The other area to monitor is the cooking environment. This uses an ambient temperature measuring probe, shaped differently from the piercing thermometers used to measure internal temps. Humidity and smoke quality are important, but the temperature is still the most important. Which is why we selected the products that we will explore here. Both of them allow multi-point monitoring, and they go one step further with a bonus feature. You can actually influence the temperature of your cooking environment by integrating these devices to your equipment
Quickly walking through the 101-level look at smoking, we need some fire to get smoke. Fire needs fuel and air to do its job. Once your fuel is burning merrily along, your easiest way to control this process is through controlling the airflow. Shut the flow down and the fire diminishes. So, set this as your default position, with the flame naturally getting cooler unless action is taken.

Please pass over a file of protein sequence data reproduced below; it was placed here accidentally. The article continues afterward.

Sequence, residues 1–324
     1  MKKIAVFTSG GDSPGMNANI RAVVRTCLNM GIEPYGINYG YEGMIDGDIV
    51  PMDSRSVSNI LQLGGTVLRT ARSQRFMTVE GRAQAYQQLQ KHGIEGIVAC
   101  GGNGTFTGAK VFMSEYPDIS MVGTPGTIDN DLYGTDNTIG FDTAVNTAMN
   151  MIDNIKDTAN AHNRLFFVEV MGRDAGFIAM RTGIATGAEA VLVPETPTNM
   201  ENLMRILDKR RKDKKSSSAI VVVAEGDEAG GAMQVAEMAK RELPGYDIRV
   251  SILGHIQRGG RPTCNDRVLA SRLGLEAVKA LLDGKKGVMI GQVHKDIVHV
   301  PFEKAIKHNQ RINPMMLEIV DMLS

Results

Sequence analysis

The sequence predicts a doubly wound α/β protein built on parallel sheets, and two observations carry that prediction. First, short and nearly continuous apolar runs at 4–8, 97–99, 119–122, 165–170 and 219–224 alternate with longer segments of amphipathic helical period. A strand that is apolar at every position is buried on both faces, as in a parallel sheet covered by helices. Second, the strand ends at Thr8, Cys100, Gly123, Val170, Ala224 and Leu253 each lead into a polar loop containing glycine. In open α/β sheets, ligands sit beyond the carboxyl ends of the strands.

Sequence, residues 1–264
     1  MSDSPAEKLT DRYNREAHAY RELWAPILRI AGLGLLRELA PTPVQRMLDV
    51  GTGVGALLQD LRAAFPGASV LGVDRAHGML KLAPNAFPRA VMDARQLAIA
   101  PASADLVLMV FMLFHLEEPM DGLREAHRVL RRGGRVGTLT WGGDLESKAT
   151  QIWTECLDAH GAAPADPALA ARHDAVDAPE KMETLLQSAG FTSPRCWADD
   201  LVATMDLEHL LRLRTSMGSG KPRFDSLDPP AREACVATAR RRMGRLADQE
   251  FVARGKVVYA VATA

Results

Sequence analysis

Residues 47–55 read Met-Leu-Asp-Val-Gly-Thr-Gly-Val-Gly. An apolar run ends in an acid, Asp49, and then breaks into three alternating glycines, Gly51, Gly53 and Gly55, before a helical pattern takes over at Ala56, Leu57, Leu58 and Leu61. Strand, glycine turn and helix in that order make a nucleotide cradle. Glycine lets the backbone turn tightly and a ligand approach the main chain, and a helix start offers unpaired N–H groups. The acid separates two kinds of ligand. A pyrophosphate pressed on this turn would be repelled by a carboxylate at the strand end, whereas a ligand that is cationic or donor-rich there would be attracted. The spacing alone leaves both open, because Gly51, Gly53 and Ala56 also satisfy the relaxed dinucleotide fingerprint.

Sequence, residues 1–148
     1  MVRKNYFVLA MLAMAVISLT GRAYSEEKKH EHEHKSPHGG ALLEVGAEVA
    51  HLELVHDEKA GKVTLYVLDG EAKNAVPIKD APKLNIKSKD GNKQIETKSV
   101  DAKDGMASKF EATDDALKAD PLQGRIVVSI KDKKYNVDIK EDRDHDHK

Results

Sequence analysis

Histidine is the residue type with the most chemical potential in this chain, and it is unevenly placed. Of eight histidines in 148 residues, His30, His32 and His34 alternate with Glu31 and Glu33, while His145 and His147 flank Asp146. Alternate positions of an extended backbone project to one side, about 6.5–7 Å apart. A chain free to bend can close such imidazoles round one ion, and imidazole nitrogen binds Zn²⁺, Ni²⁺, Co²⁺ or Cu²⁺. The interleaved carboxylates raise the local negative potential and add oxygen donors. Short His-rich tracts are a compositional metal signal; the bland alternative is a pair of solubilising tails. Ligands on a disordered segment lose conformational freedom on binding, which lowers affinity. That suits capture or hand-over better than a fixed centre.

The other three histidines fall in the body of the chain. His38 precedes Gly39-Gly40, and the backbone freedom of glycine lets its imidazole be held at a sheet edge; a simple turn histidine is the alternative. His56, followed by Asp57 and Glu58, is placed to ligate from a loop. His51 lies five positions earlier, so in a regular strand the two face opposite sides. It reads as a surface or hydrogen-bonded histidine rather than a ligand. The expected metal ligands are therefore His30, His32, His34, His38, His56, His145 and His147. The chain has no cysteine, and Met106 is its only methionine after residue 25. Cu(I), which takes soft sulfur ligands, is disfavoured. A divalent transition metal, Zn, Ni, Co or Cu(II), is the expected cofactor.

The action phase comes through the use of your ambient temperature monitoring device. When the temperature dips below the level you want, these devices can control and start a blower that will give the flame the air is needs to come back up, increasing the cooking temperature and the smoke in the environment. Here are the two products that we feel deliver the specifics of what you need to up your game in the smokehouse.
Best BBQ Thermometers
These folks do like their tech, and now so do we. First, the basics. The device has built in Li-Ion batteries that will easily power through a 24 hour cook time period, and will re-charge easily with a USB base in 4-6 hours. The device has 6 thermometer inputs for flexible use with large cuts or differing foods, along with the probe measuring ambient temperatures. All probes us the same plug in for ease of use.